So the topic of GREECE and what happens to Europe going forward has once again taken the centre stage, and I do wonder, when people talk about GREECE or other EURO area countries return to a pre-crisis period as if that was the permanent normal, and somehow the European policy makers should find a way restore it, do in fact understand the reality and the underlying causes of their current predicament?
The disappointment that people on the street across the EU feel in general is understandable, and also their frustration with the system is justifiable as the leadership have so far failed to deliver for the people. But that’s not the complete picture. The reality is, the crises that unfolded in many Euro area countries was mostly of their own making, and the life style that most people got used to during good times wasn’t paid for, and therefore the expectation of going back to what some people might mistakenly consider normal is not only unrealistic but also dangerous. A wholesale reorganisation of the overall economy of the Euro area countries is a must, and this has to be a continuous ongoing reality because without it, the EUROPEAN UNION as we know it today will most likely fail to remain relevant in a very competitive global economy going forward.
And social economics isn’t about giving away freebies that a nation and its people can’t afford , but it should be about creating and giving equal opportunity to everyone so people can make their own future. A social safety net should not be designed as a net that traps people but it should serve as a spring board that provides or facilitates a safe landing when you fall , but is also able to push people back up again.
The problem of Euro area nations including of GREECE isn’t just that the country has too much debt overhang, yes in case of GREECE , the GDP to debt ratio of 175% is certainly quite high, but Greece spends less than 4.4 % of its GDP to service these debts, and in fact on parts of its loans, Greece currently pays no interest, also it is able to collect back the yield it pays to the ECB and other central banks who hold the country’s debt so this lowers the overall debt servicing costs further to less than 2.7%. Also the average maturity of GREEK debt is over 16 years, greater than that of Germany, France or Italy for that matter. So the write down of GREEK debt on its own isn’t going to drive growth. However, a case can made for extending the loans by another 8 to 10 years, and also create a provision that allows for a freeze in interest payment if the country’s growth starts to falter. This exercise will most certainly make the overall debt profile of the country look more sustainable, but it won’t do much with regards to growth unless and until Greece becomes an attractive investment story.
The austerity has killed consumption in the country as the disposable income is almost non existent, and also created a huge human costs in terms of long term unemployment, loss of basic healthcare support , broken families and communities and a lost young generation. But this situation can drastically deteriorate if GREECE was outside of the Euro area, a super hyper inflation followed by catastrophic bankruptcy of the country creating a hellish type worst case scenario with a very bleak future from which coming back will require a powerful miracle.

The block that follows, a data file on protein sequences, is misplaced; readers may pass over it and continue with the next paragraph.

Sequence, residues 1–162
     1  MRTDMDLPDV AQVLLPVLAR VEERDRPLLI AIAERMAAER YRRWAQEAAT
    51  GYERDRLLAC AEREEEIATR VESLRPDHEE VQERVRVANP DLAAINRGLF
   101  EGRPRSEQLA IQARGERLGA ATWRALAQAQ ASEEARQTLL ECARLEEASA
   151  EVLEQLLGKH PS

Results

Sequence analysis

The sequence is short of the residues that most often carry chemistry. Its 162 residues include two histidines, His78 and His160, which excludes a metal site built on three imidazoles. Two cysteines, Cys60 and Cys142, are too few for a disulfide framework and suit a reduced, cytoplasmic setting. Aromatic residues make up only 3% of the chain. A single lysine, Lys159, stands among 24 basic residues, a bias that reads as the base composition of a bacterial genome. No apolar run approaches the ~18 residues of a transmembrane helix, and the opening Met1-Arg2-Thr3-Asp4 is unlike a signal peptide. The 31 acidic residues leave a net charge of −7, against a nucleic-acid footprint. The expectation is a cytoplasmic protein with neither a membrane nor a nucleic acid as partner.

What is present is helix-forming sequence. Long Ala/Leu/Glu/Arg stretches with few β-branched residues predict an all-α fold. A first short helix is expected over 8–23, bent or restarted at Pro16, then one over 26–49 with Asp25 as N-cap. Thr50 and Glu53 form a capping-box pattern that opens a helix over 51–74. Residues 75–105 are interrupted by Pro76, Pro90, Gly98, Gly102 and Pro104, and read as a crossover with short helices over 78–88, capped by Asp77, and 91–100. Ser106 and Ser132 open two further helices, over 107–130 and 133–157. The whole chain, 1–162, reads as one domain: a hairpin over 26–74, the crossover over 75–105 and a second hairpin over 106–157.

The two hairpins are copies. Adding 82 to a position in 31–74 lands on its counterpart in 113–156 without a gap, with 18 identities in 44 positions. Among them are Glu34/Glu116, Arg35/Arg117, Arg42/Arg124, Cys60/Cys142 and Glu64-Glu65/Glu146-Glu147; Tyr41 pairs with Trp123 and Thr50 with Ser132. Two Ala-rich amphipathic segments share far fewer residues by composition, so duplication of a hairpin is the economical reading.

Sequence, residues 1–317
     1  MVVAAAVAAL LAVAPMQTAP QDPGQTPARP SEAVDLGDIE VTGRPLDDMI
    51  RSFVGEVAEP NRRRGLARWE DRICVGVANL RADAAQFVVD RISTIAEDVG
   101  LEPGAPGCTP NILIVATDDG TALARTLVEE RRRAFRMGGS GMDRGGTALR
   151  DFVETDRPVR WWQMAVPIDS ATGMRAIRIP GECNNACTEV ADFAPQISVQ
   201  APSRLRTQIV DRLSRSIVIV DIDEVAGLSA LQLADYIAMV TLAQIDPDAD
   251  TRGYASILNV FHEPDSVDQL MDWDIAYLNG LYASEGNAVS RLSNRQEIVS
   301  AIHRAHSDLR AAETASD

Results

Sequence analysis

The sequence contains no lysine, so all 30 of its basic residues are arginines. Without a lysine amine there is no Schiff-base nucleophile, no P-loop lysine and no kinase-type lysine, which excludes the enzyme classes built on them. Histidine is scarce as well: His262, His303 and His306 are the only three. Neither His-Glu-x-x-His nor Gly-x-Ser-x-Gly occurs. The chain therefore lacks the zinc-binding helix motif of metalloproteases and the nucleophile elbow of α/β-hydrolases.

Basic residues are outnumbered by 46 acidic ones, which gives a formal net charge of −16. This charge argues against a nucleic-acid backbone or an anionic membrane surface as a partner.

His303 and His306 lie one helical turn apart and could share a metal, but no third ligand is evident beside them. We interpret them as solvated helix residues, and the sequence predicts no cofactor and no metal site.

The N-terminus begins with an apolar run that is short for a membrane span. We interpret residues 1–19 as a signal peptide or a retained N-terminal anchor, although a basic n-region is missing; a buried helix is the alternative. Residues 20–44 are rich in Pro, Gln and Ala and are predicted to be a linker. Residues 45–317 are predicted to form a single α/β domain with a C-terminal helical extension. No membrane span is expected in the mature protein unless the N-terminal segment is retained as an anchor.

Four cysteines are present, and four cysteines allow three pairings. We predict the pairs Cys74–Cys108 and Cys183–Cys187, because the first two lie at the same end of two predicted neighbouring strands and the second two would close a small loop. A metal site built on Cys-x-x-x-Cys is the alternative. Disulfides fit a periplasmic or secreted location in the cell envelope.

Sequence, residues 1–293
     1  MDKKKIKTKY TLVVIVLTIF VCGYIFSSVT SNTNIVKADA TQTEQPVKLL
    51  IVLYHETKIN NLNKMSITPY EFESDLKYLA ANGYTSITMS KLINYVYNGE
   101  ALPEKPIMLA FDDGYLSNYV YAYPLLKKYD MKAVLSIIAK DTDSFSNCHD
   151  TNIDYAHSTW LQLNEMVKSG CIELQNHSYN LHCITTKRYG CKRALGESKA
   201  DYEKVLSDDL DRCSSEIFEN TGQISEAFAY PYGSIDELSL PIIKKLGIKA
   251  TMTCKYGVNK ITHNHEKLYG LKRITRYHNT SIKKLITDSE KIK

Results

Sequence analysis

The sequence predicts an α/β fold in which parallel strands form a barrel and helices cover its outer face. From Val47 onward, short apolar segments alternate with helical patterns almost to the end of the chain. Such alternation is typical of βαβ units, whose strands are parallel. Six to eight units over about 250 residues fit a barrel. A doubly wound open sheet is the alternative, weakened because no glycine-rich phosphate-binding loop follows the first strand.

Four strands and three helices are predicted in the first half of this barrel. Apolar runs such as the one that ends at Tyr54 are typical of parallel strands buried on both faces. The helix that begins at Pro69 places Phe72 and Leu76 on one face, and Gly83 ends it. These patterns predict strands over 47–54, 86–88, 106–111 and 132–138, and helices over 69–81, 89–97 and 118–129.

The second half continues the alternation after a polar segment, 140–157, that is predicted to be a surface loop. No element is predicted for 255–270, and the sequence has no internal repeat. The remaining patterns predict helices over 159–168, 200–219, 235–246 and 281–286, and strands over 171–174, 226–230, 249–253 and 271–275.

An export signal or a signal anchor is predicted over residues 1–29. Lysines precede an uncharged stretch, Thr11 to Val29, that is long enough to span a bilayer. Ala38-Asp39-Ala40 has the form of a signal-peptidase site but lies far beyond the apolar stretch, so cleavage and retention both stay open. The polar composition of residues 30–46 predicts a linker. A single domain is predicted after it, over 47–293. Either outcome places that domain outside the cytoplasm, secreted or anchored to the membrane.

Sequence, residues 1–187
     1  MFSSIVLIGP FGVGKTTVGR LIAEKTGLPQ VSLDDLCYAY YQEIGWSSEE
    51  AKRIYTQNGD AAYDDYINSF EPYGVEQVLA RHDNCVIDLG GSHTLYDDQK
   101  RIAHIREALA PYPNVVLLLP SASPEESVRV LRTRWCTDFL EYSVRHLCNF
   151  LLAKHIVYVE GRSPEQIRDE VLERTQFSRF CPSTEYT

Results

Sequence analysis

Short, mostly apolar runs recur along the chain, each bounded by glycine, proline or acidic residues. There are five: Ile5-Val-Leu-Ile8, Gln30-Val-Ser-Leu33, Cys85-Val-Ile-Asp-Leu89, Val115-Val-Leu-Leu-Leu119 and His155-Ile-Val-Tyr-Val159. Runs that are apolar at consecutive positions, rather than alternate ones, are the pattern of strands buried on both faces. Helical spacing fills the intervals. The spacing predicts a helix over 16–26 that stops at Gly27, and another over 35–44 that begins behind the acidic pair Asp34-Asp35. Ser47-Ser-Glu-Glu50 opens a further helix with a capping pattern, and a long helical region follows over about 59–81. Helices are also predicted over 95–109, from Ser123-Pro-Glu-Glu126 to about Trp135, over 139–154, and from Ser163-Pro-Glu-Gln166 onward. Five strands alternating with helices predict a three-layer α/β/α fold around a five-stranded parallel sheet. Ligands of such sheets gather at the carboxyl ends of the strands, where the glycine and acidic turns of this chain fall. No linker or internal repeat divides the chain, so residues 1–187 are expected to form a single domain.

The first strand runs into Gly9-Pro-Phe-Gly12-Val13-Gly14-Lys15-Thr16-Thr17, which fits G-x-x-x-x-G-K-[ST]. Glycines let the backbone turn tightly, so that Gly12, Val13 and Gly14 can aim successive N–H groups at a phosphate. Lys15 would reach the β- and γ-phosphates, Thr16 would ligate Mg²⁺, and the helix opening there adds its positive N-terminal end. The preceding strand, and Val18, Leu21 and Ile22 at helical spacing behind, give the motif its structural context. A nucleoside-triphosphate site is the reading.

The average people on the street have paid a very heavy price and continue to do so for the mistakes made by a reckless political class and also some of the rich and famous who continued to ( and still do in some cases ) to misuse the system driven mostly by greed. The GREEK economy was too small at the time and is even smaller today to sustain a non productive spending spree of any government. So a restructuring and reorganisation of the overall GREEK economy has to be a priority for the next government. The problem facing the Greek economy today wasn’t created outside but it was made and created in the HELLENIC Republic itself.
About Sanjeev KumarA market-seasoned professional and the recipient of the "Southeast Asia Young Achiever's Award," Mr.Sanjeev Kumar oversees business activities in more than 30 countries in his role as the member of the board of directors’ of Delamore and Owl Group. Since 1956, the Delamore and Owl Group is a privately held group of companies with operations in over 30 countries. The group’s principal activities involves commodity trading, consultancy, ICT, Healthcare, renewable energy, construction, financial services, mining, transport & communication among others. Delamore and Owl Group draw on combined resources "to realize for their clients financial prosperity and profit in an increasingly sophisticated global financial market." Acting as chief spokesman, Mr. Kumar additionally takes charge of the management and is a member of the credit committee of the group; he also provides state-of-the-art technical analysis. He holds dual master's degrees: one in business administration and another in international commerce and finance. Utilizing his expertise and experience, Mr. Kumar has responsibilities which encompass assets, investments, training, research, merging markets, high-risk ventures, and business development. He is proficient in English, Hindi, and has a workable knowledge of Russian.
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